“Like a man travelling in foggy weather, those at some distance before him on the road he sees wrapped up in the fog, as well as those behind him, and also the people in the fields on each side, but near him all appears clear, though in truth he is as much in the fog as any of them.” -Benjamin Franklin

I was in the fog.  I knew what I wanted. To be healthy.  To be as healthy as possible and to feel good. To take advantage of life and experience it in a higher perspective.  I started to look outside of my normal ways, into the fog of things I don’t know. I started to seek medical texts and journals because I knew my previous sources would have differing opinions (and just that, opinions).  I wanted to get to the source. I wanted to read what doctors read. Something that is unbiased. I often came across information on a vegan lifestyle, and it was often well documented and legitimate.  This was the seed that was planted and is still growing healthfully and strong.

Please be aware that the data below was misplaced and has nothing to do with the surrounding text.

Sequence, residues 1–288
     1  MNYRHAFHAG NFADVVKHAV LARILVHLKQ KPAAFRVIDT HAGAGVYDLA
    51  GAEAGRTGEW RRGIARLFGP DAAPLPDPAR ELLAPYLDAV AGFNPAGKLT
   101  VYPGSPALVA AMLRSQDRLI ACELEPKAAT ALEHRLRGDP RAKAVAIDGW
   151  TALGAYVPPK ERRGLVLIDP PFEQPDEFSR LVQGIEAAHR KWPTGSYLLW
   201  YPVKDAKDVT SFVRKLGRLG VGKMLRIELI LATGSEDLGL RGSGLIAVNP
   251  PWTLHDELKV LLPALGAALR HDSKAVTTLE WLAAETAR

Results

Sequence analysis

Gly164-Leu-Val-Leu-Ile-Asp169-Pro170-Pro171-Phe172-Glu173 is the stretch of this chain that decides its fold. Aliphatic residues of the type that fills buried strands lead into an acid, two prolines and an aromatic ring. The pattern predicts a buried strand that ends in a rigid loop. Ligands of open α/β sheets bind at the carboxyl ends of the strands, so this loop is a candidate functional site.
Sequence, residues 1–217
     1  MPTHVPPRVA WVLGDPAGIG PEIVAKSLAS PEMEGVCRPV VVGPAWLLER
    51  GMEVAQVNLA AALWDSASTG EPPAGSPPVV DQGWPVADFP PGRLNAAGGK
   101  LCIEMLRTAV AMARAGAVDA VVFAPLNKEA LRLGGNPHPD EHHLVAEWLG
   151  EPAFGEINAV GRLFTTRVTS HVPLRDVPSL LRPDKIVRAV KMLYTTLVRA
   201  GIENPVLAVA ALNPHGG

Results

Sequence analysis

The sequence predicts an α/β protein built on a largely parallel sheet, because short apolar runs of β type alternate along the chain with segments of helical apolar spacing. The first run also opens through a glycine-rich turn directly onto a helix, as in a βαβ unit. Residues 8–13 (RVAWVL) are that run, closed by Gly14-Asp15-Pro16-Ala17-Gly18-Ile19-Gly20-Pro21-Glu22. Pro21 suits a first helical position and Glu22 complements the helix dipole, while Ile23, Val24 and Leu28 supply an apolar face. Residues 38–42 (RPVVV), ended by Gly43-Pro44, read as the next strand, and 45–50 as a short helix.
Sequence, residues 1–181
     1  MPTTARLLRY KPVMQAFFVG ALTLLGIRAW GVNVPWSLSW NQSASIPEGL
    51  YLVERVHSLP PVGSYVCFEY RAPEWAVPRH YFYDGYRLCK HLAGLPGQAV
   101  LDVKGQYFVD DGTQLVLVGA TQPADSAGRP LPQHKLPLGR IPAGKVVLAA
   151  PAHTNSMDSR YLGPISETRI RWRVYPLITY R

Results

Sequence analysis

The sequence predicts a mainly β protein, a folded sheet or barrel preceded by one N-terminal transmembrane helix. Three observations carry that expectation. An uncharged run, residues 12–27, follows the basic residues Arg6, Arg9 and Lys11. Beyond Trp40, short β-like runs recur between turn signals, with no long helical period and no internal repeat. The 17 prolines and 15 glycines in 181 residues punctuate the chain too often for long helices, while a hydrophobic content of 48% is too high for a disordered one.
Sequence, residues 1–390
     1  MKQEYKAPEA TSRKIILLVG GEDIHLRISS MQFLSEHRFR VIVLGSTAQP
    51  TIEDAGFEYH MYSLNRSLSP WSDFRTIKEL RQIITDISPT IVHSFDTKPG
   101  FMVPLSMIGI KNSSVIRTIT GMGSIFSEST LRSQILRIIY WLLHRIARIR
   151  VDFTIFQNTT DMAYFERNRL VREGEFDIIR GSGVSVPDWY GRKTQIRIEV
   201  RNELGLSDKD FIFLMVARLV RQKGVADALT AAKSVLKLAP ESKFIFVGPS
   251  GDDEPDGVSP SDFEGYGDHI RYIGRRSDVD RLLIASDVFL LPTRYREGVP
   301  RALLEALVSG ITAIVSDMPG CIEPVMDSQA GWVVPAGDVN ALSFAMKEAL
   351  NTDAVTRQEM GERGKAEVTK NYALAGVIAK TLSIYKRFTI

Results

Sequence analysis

It took the span of a year before I actually became vegan, but I progressed slowly.  My initial goal was to increase the amount of plant-based meals, but I was sure I would not give up meat and dairy. After all, I “needed” it and I was fine with using it sparingly.  Along this journey, though, I have made continuous self-discovery.  I had since found Dr. John Mcdougall (www.drmcdougall.com), Dr. Michael Gregor (www.nutritionfacts.org), and many other experts and sources with a wealth of information on plant-based benefits.  They are just the messengers, though.  Their information is cited in thousands of published peer-reviewed studies in the most respected medical journals around the world.  Who do you listen to? Perhaps a solid foundation of medical science that is dispersed in the haystack of advertisements, financial interests, and misinformation? I find more and more that the people in the vegan community sharing this knowledge also walk the walk. They are usually trim and healthy human beings.